There are moments when you’re in the thick of your time away and you start taking experiences in your stride, as if it’s commonplace to wake up in an incredible eco hotel and then scramble up rocks to glimpse an incredible panorama, just days after you’ve sipped fresh coconut water from the source and ridden on the back of an elephant.
Flash forward a few more days and you’re haggling like a pro in the market, making a ferry crossing in a storm and… somehow making it through the trip with an ever-increasing inner ear infection brewing under the surface the whole time (more on that later). Then you come home and think, I really did all that? Little old me? Yup. Somehow, I did.
Whilst I’ve accumulated a daft amount of photos taken at sea or surrounded by greenery, the real colour of Thailand during my trip would have to be orange. Little orange glows took me from the monastery at the Big Buddha in Koh Samui to the Queen’s Cabaret in Koh Tao and the cookery class of Chef Tummy in Koh Pha Ngan.
That’s why I thought it would be more appropriate to base my photo essay not on the blues and greens that surrounded me, but on the orange that somehow flowed from a monk’s robes drying on a washing line to a ladyboy’s costume being worn proudly on stage.
After nine incredible days in Thailand, one of the first pieces of advice I’d give to any rock and metal fans hoping to visit is: do not pass up the chance to hit Samui Rock Cafe. Whilst Thailand is undoubtedly known for being a party destination, what nobody tells you is that the party is often limited to dance, house and dubstep music.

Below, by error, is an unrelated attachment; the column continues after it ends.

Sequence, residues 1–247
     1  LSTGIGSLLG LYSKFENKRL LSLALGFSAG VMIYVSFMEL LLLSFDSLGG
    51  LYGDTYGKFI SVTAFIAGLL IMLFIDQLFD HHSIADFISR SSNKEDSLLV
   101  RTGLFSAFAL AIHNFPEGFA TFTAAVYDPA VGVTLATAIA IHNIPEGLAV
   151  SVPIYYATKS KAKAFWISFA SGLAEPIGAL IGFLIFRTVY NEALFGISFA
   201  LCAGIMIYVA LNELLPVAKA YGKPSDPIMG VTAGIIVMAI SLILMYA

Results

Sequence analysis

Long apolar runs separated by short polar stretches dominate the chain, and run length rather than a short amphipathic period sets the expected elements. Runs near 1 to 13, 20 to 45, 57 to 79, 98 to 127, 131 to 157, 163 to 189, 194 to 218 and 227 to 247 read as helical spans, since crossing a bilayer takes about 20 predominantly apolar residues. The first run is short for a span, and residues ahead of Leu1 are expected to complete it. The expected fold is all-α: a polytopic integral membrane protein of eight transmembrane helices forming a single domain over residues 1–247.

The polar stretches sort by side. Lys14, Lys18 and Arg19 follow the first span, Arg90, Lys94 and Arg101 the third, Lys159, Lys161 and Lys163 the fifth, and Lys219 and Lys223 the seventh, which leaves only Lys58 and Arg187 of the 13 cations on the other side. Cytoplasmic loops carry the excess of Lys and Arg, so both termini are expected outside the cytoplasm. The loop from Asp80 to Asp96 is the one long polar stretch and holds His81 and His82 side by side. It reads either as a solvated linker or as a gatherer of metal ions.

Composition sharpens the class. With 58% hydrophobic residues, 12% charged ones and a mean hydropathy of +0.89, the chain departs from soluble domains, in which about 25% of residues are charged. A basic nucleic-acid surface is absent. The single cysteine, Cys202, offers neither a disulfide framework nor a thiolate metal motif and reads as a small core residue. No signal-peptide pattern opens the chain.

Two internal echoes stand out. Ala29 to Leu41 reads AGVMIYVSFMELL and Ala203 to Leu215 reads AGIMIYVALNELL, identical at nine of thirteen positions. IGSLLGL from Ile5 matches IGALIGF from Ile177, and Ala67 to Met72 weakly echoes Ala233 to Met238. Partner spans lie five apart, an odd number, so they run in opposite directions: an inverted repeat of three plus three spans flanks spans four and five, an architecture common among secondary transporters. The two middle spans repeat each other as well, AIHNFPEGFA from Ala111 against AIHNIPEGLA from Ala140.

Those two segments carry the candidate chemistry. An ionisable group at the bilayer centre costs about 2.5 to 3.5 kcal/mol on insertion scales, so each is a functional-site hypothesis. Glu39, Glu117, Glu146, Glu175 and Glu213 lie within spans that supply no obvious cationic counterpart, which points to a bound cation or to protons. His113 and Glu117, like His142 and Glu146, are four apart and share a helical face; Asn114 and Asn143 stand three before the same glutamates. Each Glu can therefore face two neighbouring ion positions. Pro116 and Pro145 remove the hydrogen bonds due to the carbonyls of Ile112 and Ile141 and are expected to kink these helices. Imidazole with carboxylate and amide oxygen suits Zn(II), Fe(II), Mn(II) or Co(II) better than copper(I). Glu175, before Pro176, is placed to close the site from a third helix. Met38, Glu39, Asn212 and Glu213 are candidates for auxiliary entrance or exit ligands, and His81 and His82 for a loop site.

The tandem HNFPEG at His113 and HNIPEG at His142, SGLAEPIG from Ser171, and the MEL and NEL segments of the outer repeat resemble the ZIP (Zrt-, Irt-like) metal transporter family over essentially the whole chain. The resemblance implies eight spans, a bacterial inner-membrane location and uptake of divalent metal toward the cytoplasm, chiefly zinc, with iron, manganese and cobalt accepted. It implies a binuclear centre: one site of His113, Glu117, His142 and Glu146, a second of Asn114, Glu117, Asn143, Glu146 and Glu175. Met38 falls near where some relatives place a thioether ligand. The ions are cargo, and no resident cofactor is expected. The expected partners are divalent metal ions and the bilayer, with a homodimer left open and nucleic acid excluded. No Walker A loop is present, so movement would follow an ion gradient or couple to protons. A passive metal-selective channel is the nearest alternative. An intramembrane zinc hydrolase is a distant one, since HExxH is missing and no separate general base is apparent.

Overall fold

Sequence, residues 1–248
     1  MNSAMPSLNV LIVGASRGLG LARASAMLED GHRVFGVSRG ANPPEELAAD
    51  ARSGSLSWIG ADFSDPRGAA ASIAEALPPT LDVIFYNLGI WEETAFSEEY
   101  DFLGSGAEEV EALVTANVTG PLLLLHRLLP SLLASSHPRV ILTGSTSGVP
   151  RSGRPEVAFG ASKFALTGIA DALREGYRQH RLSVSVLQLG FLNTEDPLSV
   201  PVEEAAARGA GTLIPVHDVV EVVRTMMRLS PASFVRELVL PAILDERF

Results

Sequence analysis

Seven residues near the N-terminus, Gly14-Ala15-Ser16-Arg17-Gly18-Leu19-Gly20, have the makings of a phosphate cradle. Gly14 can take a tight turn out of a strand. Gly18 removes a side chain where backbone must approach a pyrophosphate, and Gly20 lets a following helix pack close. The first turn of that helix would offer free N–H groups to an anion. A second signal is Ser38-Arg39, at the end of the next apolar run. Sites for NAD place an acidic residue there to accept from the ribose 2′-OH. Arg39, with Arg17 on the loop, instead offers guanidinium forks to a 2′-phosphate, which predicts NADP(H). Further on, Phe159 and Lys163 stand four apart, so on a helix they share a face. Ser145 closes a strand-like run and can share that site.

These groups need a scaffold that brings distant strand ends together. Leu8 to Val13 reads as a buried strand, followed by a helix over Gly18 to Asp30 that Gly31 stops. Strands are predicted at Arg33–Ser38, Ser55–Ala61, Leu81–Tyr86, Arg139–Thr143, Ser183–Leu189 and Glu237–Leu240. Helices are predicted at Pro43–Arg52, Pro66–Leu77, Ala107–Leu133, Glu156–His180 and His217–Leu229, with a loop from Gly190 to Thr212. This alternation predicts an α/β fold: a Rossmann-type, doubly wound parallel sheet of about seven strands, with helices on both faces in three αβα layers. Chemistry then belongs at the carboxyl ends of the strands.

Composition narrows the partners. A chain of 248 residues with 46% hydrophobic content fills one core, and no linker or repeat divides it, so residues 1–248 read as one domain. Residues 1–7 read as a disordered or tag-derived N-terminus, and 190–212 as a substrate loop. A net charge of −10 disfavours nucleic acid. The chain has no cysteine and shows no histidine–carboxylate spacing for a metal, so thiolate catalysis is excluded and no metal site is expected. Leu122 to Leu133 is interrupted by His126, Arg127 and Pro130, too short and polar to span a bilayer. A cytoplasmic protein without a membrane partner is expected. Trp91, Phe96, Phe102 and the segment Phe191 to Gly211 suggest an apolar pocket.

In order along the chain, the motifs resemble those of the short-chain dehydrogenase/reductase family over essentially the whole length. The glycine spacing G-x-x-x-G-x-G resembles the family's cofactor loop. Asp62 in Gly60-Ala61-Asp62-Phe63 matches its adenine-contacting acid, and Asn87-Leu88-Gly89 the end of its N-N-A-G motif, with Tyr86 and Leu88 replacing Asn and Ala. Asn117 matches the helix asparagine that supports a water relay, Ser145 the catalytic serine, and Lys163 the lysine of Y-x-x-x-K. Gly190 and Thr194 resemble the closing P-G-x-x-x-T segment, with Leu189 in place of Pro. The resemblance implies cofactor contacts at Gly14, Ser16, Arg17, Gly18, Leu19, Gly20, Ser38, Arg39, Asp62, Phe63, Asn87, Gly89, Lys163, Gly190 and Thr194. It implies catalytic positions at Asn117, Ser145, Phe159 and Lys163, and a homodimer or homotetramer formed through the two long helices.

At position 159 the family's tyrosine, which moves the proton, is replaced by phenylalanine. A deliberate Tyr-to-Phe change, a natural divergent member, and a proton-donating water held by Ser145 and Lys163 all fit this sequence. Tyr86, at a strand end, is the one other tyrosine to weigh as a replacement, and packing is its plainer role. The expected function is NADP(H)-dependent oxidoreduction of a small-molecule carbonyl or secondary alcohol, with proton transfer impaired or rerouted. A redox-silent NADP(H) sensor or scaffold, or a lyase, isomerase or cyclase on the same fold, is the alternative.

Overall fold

These are three genres I could normally withstand on a night out with a beer in my hand and new-found friends to dance with, but which left me climbing the walls after I’d heard one too many songs with no lyrics and a relentless ‘doof-doof-doof’ beat slamming into my ear drums. Sorry, but they just don’t come close to a bit of Baba O’Riley, All Right Now or Smoke on the Water.
(To be read with the strains of ‘The Final Countdown’ playing in the background, for that added sense of drama that only a power ballad can bring, and a bit of assonance with the title).
Only a couple of weeks ago, I was hanging around Reykjavik with my friend and we’d pass a Thai shop most days when we were going to and from our hotel. It was full to the brim with Thai furniture and trinkets, especially those little hypnotic waving cat figures, known as Beckoning Cats. Every time we’d give the waving golden yellow cats a little hello wave back, for luck, and I’d wonder what Thailand was really like. Well, last Thursday I got one massive step closer to actually finding out, as I was somehow lucky enough to win a Thai island hopping adventure with Contiki, through their Blogger Challenge (which was launched at the brilliant Traverse 2013 conference in Brighton)!
Calavera (Span. feminine noun) = skull. A travel blog with a love of culture, dark tourism and the unconventional.